A billion year old fossil, which provides a new link in the evolution of animals, has been discovered in the Scottish Highlands.
- Scientists have discovered the fossil of an organism with two distinct cell types, thought to be the oldest of its kind ever recorded
- The fossil reveals a new insight into the transition of single-celled holozoa into more complex multicellular animals
- Found in the Scottish Highlands, the fossil suggests the evolution of animals occurred at least one billion years ago and may have occurred in freshwater lakes rather than the ocean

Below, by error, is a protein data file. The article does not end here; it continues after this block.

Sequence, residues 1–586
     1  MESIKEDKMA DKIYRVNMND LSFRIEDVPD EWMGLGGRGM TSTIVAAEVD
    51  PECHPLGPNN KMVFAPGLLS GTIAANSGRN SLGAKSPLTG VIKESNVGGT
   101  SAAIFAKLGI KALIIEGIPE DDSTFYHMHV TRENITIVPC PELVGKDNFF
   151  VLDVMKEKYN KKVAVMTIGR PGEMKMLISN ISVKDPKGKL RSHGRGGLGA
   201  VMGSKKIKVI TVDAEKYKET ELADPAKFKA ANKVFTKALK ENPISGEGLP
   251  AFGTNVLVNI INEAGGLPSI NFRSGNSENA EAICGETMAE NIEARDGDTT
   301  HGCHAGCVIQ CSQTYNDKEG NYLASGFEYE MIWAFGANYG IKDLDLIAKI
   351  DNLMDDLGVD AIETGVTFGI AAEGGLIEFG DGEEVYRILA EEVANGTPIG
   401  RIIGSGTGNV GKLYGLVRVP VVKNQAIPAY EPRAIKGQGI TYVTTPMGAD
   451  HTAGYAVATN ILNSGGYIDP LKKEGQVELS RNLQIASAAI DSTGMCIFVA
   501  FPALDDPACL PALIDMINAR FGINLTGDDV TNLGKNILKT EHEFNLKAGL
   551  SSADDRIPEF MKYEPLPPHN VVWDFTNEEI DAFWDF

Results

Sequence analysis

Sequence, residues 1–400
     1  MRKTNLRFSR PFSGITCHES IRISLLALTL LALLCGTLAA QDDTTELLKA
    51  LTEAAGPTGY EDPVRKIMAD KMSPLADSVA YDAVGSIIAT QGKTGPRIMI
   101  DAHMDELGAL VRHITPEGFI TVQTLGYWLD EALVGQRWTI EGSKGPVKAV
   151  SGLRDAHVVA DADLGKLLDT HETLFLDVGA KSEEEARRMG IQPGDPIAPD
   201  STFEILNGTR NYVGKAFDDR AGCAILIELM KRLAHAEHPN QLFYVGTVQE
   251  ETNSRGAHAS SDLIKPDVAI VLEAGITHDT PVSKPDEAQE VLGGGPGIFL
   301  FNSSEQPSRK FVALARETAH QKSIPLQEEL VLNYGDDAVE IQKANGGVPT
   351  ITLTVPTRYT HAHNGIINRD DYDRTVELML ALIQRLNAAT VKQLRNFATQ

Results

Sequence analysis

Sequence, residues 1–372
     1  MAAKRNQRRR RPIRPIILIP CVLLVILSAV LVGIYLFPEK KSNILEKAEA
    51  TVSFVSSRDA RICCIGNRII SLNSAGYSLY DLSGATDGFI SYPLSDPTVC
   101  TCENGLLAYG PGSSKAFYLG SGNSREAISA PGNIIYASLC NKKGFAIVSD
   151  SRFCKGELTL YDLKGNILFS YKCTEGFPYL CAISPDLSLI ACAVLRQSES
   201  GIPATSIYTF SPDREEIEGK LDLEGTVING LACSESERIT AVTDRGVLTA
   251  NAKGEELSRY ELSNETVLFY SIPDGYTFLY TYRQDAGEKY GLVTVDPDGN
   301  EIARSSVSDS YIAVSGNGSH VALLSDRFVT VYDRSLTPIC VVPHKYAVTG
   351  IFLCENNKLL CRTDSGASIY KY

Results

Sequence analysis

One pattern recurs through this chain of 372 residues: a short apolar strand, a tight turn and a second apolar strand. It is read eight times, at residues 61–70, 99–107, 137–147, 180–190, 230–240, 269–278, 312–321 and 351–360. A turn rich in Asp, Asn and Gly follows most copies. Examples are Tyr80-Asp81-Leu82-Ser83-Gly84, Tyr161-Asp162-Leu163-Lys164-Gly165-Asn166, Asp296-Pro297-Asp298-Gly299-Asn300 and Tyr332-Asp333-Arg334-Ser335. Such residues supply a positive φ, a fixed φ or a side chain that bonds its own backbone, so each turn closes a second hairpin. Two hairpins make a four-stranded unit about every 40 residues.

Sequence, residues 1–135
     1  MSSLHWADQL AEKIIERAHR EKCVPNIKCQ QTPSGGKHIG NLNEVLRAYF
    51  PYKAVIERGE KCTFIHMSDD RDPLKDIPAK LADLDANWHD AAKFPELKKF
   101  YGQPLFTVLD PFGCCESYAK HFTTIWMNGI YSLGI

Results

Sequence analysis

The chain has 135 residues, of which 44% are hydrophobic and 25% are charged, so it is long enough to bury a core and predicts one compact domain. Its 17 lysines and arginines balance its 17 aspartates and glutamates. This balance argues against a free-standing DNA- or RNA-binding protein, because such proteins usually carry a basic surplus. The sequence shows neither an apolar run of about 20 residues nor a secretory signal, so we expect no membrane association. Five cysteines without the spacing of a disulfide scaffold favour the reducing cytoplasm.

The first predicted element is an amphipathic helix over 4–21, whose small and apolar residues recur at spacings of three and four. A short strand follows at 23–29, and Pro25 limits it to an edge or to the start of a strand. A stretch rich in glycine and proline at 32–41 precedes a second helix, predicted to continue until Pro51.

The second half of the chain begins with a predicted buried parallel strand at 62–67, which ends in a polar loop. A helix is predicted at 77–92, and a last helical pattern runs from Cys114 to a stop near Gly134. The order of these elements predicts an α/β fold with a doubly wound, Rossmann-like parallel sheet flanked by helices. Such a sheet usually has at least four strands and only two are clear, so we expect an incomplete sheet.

A team of scientists, led by the University of Sheffield in the UK and Boston College in the USA, has found a microfossil that contains two distinct cell types and could be the earliest multicellular animal ever recorded.
The fossil reveals new insight into the transition of single-celled organisms to complex multicellular animals. Modern single-celled holozoa include the most basal living animals, the fossil discovered shows an organism that lies somewhere between single-cell and multicellular animals.
The fossil has been described and formally named Bicellum Brasieri in a new research paper published in Current Biology.